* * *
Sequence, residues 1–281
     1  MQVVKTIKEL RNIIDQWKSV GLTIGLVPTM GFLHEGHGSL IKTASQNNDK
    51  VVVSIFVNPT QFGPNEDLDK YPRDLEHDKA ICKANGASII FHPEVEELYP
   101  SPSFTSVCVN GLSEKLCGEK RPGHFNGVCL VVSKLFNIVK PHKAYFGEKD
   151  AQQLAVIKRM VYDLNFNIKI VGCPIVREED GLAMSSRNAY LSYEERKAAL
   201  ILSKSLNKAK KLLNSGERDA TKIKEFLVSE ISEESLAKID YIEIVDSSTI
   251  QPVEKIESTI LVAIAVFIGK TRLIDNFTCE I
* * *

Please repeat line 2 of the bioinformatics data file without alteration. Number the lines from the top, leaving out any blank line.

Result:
     1  MQVVKTIKEL RNIIDQWKSV GLTIGLVPTM GFLHEGHGSL IKTASQNNDK